But if not me, then who? True friendship, and loyalty, isn’t only during the good times. It’s also during the messy, ugly, heartbreaking times. It’s listening to awful things. It’s breaking down together in an aisle at Costco because of towels in his favorite shade of blue. It’s searching desperately for the words when she’s pleading for reassurance that no matter what he did, he loved her, didn’t he? It’s analyzing dreams, looking for messages. It’s letting her push me away because she wants to see if she can do that and I won’t die and leave her. It’s sitting quietly in her living room while she’s in her refurbished bedroom, because she doesn’t want company but she also doesn’t want to be alone.
It’s so many things. And I do it, willingly, because I love her.
Writing, my outlet and my joy, fell by the wayside. I had a book release, a book that means a lot to me and one I’d been excited and nervous about, and it barely made a blip on my radar. I was viciously blocked, and my three WIPs sat almost untouched. I tend to be a negative, glass-half-empty type person as it is, and my attitude at home and online became even meaner, even more cynical.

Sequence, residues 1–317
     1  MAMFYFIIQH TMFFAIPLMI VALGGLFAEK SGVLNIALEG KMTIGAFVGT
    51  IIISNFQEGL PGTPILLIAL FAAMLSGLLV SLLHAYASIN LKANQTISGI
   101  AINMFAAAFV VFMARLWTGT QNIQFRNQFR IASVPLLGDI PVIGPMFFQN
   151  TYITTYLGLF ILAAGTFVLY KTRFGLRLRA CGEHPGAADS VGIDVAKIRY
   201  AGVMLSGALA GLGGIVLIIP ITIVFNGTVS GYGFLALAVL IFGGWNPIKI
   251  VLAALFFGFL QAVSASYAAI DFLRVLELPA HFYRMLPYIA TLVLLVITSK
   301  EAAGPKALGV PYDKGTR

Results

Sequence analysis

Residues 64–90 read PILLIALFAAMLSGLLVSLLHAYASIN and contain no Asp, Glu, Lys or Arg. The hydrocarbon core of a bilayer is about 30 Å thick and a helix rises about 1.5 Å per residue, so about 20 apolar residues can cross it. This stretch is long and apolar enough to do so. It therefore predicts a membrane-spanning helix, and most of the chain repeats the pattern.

I felt guilty for trying to write stories with HEAs, because HEAs don’t exist, do they? How could I immerse myself in a fantasy life when real life is such a shitshow? I was with her one day, and we went to the gym to work out. It was fun, it was exhilarating, it was what we both needed. At one point I yelled out, “Whoo! What doesn’t kill you makes you stronger!”
I meant it in the context of the workout, but she looked at me and said, "No. What doesn’t kill you just…doesn’t kill you.” I apologized, near tears at saying such a stupid thing, wondering if I’d messed up beyond redemption.
"Mel," she said. “It’s okay. You don’t have to walk on eggshells around me, worry so much about saying the wrong thing, telling me what I want to hear. You can’t fix me. Nothing can fix me. But the thing is, I love you for trying.”